Scotland’s first minister has vowed not to maintain a “diplomatic silence” in the face of any racism, misogyny or intolerance from Donald Trump.
Nicola Sturgeon released a statement congratulating Mr Trump after his surprise victory in the US election.
But speaking at First Minister’s Questions the following day, she made clear that she stood by her previous criticisms of his campaign.
Ms Sturgeon had backed Hillary Clinton ahead of the presidential election.
The first minister told MSPs she had faced criticism for breaking the convention that political leaders do not comment on election campaigns in other countries.
But she said many of Mr Trump’s comments during the campaign had been “deeply abhorrent”.
She said: “I never want to be, I am not prepared to be, a politician that maintains a diplomatic silence in the face of attitudes of racism, sexism, misogyny or intolerance of any kind.
“I hope that president-elect Trump turns out to be a president very different to the kind of candidate he was and reaches out to those who felt vilified by his campaign.
“But people of progressive opinion the world over, I think, do have to stand up for the values of tolerance and respect for diversity and difference.”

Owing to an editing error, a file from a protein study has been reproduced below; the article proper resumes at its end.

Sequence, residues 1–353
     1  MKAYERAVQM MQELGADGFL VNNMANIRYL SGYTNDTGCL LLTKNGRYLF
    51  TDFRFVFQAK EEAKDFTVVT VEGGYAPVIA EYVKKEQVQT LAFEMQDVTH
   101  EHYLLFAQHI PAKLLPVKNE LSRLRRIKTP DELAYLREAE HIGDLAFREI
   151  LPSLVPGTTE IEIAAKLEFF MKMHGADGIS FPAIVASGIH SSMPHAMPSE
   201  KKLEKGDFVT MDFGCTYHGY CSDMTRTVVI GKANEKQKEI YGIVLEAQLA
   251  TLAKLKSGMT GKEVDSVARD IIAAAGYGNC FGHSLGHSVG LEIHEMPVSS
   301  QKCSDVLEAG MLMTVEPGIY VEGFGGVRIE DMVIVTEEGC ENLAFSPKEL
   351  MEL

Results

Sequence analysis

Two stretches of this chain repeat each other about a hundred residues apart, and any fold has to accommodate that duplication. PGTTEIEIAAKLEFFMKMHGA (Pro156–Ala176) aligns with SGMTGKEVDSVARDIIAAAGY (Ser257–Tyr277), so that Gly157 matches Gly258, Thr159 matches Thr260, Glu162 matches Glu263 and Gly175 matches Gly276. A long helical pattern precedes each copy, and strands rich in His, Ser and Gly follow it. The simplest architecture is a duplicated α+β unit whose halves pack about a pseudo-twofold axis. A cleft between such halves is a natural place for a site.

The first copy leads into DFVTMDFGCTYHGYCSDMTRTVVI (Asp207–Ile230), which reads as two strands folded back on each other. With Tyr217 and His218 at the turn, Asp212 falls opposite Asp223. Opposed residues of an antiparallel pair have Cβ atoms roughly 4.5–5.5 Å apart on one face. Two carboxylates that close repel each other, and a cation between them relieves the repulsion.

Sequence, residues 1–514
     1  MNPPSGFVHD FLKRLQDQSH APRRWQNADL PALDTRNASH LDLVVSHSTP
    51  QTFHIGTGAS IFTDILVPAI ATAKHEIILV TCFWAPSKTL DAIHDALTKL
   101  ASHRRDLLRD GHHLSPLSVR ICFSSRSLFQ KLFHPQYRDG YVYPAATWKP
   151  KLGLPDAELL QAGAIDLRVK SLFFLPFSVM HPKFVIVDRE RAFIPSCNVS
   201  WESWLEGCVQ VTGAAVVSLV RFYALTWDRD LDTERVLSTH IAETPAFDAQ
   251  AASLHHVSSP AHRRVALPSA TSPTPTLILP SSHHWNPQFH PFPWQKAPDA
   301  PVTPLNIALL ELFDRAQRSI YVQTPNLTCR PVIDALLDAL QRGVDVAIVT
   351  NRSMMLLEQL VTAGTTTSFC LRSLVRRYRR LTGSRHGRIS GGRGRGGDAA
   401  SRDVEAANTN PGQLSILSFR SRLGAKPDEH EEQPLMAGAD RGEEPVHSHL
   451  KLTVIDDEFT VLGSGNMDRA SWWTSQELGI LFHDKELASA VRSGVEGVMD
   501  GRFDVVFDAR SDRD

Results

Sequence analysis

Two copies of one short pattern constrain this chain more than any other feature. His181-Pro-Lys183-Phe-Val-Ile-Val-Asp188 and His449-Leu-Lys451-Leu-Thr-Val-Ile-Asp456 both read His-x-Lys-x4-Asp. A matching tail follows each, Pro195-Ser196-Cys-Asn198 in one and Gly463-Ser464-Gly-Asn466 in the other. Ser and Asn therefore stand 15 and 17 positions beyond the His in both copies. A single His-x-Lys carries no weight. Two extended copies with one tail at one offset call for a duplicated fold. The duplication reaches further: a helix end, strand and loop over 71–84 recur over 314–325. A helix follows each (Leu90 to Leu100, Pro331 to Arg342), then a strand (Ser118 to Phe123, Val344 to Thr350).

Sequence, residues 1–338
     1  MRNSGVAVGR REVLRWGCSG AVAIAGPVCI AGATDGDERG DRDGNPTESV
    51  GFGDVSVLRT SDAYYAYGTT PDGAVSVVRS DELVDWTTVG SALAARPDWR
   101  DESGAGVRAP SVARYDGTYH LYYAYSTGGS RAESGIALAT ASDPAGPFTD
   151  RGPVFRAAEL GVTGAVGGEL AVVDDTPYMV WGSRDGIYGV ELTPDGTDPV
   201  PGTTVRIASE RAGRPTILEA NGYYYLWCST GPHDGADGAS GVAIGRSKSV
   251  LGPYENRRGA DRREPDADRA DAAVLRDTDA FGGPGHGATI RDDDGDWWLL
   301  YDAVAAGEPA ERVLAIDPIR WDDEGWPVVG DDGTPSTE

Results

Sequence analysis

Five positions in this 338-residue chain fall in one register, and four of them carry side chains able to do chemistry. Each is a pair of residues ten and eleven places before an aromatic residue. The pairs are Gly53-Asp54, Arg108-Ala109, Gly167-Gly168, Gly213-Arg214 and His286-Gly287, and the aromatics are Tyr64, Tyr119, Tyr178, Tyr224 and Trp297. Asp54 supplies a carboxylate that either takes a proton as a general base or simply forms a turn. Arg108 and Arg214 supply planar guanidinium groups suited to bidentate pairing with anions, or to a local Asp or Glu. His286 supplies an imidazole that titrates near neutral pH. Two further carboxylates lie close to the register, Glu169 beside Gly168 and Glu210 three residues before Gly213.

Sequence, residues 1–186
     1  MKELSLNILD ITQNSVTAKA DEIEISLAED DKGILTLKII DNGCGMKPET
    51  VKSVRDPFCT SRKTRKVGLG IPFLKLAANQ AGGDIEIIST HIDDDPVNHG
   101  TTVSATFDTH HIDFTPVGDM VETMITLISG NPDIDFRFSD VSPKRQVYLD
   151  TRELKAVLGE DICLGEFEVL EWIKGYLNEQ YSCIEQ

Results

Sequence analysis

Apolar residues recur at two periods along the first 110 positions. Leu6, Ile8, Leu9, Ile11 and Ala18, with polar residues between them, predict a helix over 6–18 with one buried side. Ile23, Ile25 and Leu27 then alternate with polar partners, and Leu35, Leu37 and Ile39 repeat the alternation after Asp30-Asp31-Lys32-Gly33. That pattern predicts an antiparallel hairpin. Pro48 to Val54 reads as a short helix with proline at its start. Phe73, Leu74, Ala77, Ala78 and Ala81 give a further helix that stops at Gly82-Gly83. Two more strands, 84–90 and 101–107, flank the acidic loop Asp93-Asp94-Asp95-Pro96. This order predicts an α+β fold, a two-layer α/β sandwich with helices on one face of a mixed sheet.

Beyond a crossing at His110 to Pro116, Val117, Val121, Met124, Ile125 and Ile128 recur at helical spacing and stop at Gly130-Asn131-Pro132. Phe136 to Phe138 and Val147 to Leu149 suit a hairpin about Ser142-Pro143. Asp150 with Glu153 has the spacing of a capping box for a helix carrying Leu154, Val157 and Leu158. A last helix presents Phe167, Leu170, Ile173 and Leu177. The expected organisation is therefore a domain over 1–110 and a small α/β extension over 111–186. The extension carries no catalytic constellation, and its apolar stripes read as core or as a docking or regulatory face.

Ms Sturgeon added that she wanted to “engage positively and constructively with the American administration”, but would “never shy away from standing up for these important principles”.
The first minister also said the Scottish government fully assess the potential impact for Scotland once the new president forms an administration and its priorities are made clear.
Scottish Labour leader Kezia Dugdale said Mr Trump’s behaviour towards women had sent a “dangerous signal across the world”.
She added: “In January we will have a misogynist in the White House who has boasted about assaulting women and has used the most degrading language possible.
“And, of course, Donald Trump’s tolerance is not just aimed at women – we all remember the sickening sight of him mocking a disabled journalist. We can’t forget his plans to build a wall or ban people of one faith from entering America.”
Mr Trump, whose mother was Scottish, has had an uneasy relationship with the country in recent years.
Ms Sturgeon stripped him of his role as a business ambassador for the Scottish government in the wake of his call for Muslims not to be allowed into the US.
Mr Trump also had a high-profile war of words with Ms Sturgeon’s predecessor, Alex Salmond, over the Scottish government’s backing for a windfarm near the tycoon’s Aberdeenshire golf course.
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